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Perfection and Its Discontents
Greeks promoted the notion of “perfection” – that there was such a thing as a perfect ratio, or a perfect body. And this word and concept has similarly entered our modern world: perfection has become the standard against whom everyone or everything is measured. Sadly, it is also part of our religious thinking as well: the concept that some people are “almost” perfect, for example.
The problem with the notion of perfection is that it is not only hard to achieve, but that it is, itself, a lie.
Take, for example, a simple physical object – a little cube. It might look like a perfect cube, but if you look closely enough, you will find that it is full of imperfections and impurities. The dimensions themselves can only be measured within certain tolerances, limited by instruments. There is nothing in this world that is “perfectly” any dimension at all, given that even a measurement is true only for a specific temperature and atmospheric pressure and composition of the ambient air… the list is endless.
People are attracted to the very idea of timeless perfection, which is one reason why diamonds are prized. Layer after layer of ordered carbon atoms, in existence since they were squeezed by enormous volcanic pressures seem like the antidote to a world of biological frailty and endless change. But while diamonds are closer to perfect, one of the ways in which they are proven to be natural is because they have certain kinds of impurities! Which means that they are not perfect at all.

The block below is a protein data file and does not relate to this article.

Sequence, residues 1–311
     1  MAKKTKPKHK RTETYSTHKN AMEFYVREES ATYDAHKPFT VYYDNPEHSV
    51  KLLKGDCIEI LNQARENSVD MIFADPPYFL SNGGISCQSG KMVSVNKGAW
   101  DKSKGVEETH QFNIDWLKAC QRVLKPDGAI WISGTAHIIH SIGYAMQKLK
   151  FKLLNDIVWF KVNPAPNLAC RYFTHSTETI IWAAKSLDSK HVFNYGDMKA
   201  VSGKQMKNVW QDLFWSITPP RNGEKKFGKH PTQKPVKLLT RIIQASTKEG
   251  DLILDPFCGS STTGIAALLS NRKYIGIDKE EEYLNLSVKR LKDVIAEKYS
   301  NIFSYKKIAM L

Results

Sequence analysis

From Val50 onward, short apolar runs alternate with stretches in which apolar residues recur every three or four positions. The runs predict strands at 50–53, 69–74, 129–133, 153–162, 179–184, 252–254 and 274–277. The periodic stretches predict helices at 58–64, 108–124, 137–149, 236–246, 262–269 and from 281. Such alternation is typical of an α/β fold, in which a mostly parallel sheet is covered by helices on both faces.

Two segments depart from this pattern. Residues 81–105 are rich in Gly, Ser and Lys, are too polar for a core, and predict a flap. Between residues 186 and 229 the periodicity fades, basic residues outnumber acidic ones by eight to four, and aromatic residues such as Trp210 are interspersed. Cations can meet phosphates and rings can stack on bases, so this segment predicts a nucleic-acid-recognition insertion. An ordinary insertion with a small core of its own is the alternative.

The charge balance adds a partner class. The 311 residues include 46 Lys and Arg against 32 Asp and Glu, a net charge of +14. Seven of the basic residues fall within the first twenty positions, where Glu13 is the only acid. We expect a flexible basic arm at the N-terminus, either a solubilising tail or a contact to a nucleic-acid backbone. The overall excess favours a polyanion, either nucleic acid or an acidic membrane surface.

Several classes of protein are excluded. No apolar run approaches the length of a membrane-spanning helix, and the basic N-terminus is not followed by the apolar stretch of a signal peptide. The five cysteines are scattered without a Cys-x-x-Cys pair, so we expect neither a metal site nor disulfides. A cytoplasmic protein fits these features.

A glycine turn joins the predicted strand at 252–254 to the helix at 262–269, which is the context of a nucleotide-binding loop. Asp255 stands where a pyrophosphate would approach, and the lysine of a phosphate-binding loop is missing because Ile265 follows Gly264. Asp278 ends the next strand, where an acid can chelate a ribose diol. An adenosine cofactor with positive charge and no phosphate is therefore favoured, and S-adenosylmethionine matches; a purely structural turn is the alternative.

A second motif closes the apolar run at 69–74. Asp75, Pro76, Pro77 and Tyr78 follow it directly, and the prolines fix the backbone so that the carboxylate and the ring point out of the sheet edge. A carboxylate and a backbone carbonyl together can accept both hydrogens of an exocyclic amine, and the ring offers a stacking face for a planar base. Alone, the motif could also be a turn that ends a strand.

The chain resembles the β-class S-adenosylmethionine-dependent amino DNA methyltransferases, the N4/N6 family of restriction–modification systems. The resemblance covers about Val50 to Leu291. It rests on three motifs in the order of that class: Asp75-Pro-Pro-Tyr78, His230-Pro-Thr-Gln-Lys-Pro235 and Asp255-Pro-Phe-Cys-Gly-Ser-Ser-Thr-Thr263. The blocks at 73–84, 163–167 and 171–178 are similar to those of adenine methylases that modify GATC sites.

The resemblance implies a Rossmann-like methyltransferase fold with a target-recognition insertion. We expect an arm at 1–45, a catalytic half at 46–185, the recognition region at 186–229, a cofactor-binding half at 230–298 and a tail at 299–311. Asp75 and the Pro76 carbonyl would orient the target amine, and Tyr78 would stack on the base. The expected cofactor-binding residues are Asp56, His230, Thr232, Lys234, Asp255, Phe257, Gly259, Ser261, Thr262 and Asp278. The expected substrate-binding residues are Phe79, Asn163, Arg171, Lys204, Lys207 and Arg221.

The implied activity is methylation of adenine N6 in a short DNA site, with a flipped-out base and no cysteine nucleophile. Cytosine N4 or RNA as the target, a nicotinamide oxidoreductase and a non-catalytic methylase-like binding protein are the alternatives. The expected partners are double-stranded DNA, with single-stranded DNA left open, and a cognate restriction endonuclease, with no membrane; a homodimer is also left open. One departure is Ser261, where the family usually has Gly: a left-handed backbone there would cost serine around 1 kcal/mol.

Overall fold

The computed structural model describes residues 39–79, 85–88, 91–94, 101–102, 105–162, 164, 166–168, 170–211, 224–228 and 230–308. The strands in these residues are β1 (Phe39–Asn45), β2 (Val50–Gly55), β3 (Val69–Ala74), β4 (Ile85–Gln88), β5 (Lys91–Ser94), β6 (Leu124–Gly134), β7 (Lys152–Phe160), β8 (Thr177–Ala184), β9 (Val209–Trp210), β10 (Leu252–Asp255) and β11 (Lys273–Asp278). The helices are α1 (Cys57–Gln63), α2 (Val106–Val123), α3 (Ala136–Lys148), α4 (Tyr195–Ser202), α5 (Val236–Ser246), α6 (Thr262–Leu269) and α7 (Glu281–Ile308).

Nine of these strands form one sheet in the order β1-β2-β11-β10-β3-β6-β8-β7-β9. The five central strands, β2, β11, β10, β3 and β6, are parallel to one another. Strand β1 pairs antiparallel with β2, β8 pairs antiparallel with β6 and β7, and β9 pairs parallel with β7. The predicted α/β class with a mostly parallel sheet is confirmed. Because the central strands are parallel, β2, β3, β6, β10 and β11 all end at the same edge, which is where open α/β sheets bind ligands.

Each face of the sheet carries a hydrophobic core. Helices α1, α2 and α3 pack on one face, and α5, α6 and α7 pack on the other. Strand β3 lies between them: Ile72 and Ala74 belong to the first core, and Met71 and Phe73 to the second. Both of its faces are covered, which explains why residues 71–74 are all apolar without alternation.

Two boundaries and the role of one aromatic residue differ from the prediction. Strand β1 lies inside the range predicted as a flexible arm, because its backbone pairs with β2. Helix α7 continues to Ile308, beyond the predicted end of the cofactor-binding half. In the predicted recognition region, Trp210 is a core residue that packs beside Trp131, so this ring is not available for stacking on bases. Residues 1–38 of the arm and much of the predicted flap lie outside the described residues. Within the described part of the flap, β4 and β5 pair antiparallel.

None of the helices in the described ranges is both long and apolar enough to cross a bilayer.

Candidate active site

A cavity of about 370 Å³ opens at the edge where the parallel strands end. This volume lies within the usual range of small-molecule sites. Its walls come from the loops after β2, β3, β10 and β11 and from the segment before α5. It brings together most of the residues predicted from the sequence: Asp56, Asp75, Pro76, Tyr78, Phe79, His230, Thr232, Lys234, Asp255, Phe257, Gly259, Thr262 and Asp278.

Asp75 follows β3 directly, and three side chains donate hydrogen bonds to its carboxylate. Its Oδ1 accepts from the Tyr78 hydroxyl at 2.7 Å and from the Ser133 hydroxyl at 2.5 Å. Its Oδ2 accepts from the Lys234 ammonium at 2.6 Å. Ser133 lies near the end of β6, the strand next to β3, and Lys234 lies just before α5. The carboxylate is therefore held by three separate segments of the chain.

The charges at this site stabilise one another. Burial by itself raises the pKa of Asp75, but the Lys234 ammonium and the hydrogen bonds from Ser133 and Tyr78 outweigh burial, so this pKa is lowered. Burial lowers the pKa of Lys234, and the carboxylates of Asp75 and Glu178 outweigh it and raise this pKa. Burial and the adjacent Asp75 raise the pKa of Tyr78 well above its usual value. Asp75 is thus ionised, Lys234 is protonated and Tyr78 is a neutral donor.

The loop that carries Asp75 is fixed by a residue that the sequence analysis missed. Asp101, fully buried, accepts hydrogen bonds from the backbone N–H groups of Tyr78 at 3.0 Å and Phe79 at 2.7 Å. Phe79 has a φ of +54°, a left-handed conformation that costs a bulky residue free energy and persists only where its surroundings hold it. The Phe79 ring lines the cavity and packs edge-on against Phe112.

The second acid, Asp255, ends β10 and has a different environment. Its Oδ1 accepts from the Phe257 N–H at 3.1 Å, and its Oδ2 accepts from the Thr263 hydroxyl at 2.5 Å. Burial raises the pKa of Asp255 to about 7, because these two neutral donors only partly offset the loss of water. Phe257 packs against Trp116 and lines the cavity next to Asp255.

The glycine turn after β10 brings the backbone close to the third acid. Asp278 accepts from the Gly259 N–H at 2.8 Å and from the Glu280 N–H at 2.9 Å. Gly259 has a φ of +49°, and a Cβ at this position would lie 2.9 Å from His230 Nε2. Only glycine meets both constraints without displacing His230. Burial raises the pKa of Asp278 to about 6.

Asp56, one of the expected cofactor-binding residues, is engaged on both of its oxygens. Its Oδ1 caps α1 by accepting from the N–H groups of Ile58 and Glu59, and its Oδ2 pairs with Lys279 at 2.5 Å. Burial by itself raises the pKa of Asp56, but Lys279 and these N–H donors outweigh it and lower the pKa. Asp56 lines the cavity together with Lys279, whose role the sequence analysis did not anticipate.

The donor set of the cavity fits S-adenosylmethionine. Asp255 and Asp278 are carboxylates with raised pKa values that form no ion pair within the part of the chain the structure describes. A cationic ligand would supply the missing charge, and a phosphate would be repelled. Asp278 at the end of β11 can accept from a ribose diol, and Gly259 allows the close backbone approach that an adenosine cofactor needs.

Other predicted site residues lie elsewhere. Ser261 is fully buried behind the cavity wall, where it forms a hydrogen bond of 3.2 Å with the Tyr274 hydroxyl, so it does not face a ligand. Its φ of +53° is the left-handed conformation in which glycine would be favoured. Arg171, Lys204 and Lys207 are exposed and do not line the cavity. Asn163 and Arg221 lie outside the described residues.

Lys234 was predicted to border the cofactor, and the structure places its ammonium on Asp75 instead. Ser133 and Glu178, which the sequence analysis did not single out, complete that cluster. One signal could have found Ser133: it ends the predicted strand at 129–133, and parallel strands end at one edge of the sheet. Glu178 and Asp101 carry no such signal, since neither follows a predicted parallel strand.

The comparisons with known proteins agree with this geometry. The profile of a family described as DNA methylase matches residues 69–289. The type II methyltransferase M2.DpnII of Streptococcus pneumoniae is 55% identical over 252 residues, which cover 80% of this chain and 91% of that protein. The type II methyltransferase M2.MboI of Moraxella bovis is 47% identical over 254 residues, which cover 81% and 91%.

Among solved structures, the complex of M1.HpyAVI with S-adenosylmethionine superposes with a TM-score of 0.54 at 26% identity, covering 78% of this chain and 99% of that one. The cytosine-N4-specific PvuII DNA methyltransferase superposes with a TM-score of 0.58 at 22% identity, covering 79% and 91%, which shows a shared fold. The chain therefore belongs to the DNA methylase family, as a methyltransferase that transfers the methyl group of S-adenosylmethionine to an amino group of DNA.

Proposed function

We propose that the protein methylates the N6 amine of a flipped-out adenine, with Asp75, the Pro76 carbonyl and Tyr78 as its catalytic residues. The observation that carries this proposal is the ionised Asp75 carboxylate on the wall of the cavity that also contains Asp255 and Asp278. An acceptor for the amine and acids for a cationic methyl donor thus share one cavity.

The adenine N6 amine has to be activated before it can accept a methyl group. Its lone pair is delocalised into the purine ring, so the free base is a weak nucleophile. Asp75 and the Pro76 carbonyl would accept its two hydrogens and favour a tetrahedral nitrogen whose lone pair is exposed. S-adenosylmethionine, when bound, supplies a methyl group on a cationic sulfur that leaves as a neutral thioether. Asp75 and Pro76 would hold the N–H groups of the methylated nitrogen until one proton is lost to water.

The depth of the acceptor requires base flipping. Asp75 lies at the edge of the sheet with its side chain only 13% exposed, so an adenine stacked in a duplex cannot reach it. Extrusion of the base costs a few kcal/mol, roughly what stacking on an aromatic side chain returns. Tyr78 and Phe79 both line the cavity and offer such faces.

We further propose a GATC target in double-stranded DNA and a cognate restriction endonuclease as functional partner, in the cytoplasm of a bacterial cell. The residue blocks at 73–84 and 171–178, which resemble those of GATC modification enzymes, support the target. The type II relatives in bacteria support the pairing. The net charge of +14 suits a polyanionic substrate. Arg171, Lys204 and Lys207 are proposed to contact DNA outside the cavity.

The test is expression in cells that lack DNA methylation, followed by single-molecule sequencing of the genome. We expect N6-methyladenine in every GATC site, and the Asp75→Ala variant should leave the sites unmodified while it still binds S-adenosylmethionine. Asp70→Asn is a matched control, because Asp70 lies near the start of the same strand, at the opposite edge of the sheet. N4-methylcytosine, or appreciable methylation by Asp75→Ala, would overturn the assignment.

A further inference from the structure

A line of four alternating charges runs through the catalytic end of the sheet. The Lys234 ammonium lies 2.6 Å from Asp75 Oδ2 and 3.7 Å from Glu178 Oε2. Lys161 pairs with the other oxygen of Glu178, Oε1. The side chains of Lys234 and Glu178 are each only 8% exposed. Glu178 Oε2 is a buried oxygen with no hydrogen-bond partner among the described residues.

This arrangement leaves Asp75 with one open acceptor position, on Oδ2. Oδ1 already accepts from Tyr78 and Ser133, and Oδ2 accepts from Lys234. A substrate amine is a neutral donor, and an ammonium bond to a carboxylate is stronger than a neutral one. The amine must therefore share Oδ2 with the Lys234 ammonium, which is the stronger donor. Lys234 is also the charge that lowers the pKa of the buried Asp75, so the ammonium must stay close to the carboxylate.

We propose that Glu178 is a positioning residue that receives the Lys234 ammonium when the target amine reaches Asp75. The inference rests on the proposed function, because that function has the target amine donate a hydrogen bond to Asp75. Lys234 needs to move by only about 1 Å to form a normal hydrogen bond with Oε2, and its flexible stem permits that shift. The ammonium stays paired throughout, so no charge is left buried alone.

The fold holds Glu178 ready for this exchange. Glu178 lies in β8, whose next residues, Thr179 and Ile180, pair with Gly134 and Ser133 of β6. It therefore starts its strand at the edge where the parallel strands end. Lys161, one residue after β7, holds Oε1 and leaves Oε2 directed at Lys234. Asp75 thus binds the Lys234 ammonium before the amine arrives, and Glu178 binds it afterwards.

The other thing about the idea of perfection is that it is inherently static. If a flawless diamond were to somehow be found to exist, it would be an unchanging and unchanged thing. A diamond is dead. So, too, a perfect Greek ratio, or what Greeks might call a perfect statue, all have this in common: they are much like a dead rock, and very unlike a living person.